Many tract homes have the dining “room” adjacent to the living room with the hanging light being the item that makes it look like a dining room.  But picture this- can you put up a wall between the living room and that dining “room” and have both feel like their own room?  In many cases, it would look and feel ridiculous.  Here’s three examples (and yes, you can click on each to see a bigger version of it)- the first is NOT a dining room, the second is probably a dining room and the third is definitely a dining room – hence- a room.

Not a dining roomProbably a RoomDefinately a Room

Bathrooms don’t count as rooms- but from as an aside from an appraiser you have 2 1/2 bathrooms.  If that half bath had a standing shower but no bathtub- what many call a 3/4 bath, then it would be considered a full third bathroom- Appraiser’s typically don’t go by quarters- we round up to the nearest half.

A nook is not a room- it’s sort of like an annex- same goes with the master retreat.  Both of these are similar rationale as dining room.  But if you have a giant master retreat, then it could be considered a room.

Laundry room is not a room- period.

Closets- no matter how big- are not rooms.

Visit our website at www.advantageappraisalsllc.com, and if that doesn’t roll off the tongue, just try www.appraiserdude.com. Give me a call at 480-544-1217 if you have any questions. I look forward to working with you.

Sincerely,

George

What’s in a Foreclosed Home?

October 20, 2008 at 3:46 pm | Posted in Uncategorized | Leave a comment
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That’s a weird question. i’d like to think that a Foreclosed home has the same stuff as a non-foreclosed home. You know, doors, windows, toilets, carpeting, kitchen, lights. Well in most of the ones I’ve appraised, everything’s there. And everything is in decent shape- no different than any other house that’s sold. But we live in an age with a lot of foreclosed homes that are so because of the screw financial situation we’re experiencing. And with that comes a lot of anger. And with anger has come some very vengeful and destructive behavior that’s downright shameful.

Over the past 5 years or so, the housing market has been booming- particularly in places like Phoenix- where I appraise. The ridiculous rise in home prices wa fueled by cheap money, relatively inexpensive homes and the mindset that homes were ATMs. Couple those factors with the phenomenon of multiple investment homes for oftentimes out of state owners, and the “demand” was more a demand for investments- not the need for
owner occupied homes.As an appraiser, I can do a little research and have done so for an example. I live in a master planned community of about 1700 homes- surrounding a golf course, with a community pool, clubhouse, parks, school, etc. On my street alone of 34 homes- built in 2005, we have “investment” homes which are owned by people who don’t live there, and “owner” homes which are owned by the occupants.  I can break it down to the following:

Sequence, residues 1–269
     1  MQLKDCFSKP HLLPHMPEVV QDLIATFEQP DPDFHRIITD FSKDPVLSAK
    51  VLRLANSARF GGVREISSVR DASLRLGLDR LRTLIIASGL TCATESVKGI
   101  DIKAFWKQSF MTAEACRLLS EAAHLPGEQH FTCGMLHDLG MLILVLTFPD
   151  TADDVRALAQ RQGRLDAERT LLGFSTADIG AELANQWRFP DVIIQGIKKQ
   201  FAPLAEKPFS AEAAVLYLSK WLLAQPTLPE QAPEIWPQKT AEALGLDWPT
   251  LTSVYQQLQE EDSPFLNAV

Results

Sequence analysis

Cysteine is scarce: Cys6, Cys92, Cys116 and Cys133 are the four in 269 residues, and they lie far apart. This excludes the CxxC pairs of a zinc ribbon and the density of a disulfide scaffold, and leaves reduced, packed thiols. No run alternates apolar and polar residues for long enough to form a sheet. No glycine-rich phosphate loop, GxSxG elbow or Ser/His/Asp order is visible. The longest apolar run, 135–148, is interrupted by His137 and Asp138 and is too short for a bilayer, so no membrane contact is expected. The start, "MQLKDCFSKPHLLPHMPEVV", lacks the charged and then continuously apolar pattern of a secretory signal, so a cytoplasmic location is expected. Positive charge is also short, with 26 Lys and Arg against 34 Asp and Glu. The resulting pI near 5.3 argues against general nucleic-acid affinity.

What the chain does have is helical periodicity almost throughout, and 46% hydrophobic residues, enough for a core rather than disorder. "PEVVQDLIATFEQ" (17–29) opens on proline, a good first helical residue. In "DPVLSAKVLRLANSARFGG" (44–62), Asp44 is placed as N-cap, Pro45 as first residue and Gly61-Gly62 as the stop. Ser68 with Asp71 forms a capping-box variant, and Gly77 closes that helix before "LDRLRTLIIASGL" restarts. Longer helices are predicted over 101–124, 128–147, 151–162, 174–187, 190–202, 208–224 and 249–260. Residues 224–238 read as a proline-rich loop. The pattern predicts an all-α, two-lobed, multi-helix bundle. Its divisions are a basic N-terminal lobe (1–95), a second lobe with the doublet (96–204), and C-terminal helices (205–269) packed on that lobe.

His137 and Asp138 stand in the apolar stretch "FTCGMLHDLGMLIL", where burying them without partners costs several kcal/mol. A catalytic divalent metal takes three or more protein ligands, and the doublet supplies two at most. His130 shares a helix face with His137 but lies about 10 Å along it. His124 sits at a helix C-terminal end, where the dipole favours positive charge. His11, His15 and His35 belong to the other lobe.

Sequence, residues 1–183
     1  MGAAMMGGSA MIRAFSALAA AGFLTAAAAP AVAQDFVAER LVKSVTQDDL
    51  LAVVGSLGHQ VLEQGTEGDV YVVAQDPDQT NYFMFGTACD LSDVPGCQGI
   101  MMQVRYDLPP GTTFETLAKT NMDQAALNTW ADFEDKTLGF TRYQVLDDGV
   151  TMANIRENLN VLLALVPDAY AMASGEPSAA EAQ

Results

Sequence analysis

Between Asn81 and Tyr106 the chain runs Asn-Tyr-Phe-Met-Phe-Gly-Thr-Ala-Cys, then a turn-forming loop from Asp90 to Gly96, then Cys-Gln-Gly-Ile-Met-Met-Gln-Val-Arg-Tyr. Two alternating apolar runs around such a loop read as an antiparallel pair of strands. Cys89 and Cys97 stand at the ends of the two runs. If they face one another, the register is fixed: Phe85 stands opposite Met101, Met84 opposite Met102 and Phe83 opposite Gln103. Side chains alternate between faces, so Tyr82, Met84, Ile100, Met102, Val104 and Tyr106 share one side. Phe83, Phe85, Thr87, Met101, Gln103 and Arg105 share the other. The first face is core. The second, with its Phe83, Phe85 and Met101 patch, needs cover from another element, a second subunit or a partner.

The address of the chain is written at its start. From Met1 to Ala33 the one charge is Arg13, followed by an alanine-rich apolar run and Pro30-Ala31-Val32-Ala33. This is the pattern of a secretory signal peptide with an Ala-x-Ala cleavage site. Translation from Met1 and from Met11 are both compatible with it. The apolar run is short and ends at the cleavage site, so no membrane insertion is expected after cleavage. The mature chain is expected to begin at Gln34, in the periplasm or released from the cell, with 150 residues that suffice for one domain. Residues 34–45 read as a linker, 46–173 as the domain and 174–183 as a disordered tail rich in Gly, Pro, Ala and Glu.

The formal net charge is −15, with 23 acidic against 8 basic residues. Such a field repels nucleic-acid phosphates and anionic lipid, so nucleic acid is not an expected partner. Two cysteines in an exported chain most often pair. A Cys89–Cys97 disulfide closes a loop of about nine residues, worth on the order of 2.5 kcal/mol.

• 9 bought as owner occupied and still owned and occupied by those original owners
  • 2 investment homes subsequently sold to owners who still live there
  • 13 investment homes that are still investment homes
  • 1 investment home that was sold to an owner that was then foreclosed and was bought by another investor
  • 1 investor home that was sold to an owner that was then foreclosed and was bought by another owner
  • 4 investment homes subsequently sold to other investors.
  • 1 investment home sold to an owner which is currently in foreclosure
  • 3 that I categorize as unknown since tax records show that the mailing address is the same as the physical address.
I won’t even go into analysis of their mortgage amounts compared to market values. It’s quite depressing. So the point of my breakdown hopefully demonstrates exactly what the situation is in many neighborhoods- not just mine.But getting back to the topic at hand, as you can see, there are a lot of investment homes out there and a majority of those homes are used as rental properties. Now I don’t want to knock on renters as a group- after all, we’ve had a few great renter neighbors who were good people, took care of their rental and cleaned up when they left so they could get their security deposit back. But there are a LOT of renters who really don’t care that much.When renters pay their rent on time that’s great for the owner, but what happens when the rental income doesn’t cover the mortgage? And what if the mortgage payment is increasing each month because they got an adjustable mortgage- and the rent amount is the same? Well, you get an owner who stops making his mortgage payments, and unbeknownst to the renter, the house goes into foreclosure and then all of a sudden the tenant gets evicted because the bank now owns the home- the tenant who has been faithfully paying his rent each month. Sucks for him doesn’t it?

Well some of these upset tenants, and sometimes owner occupied residents all of a sudden lose their home, then it becomes a scene from The Jerk, where Steve Martin leaves his mansion with an armful of stuff. And how they leave varies depending on the type of person we’re talking about.

Neglect: The obvious is letting things go. Pools evaporate (after they turn green), weeds grow, black widows breed. Typically nothing intentional here. One extreme version is when a leak occurs and nobody knows about it til it’s too late. I had one of those recently where a toilet leak at the supply line seeped out into the bedroom and then you get what you see below- a virtual forest of mold: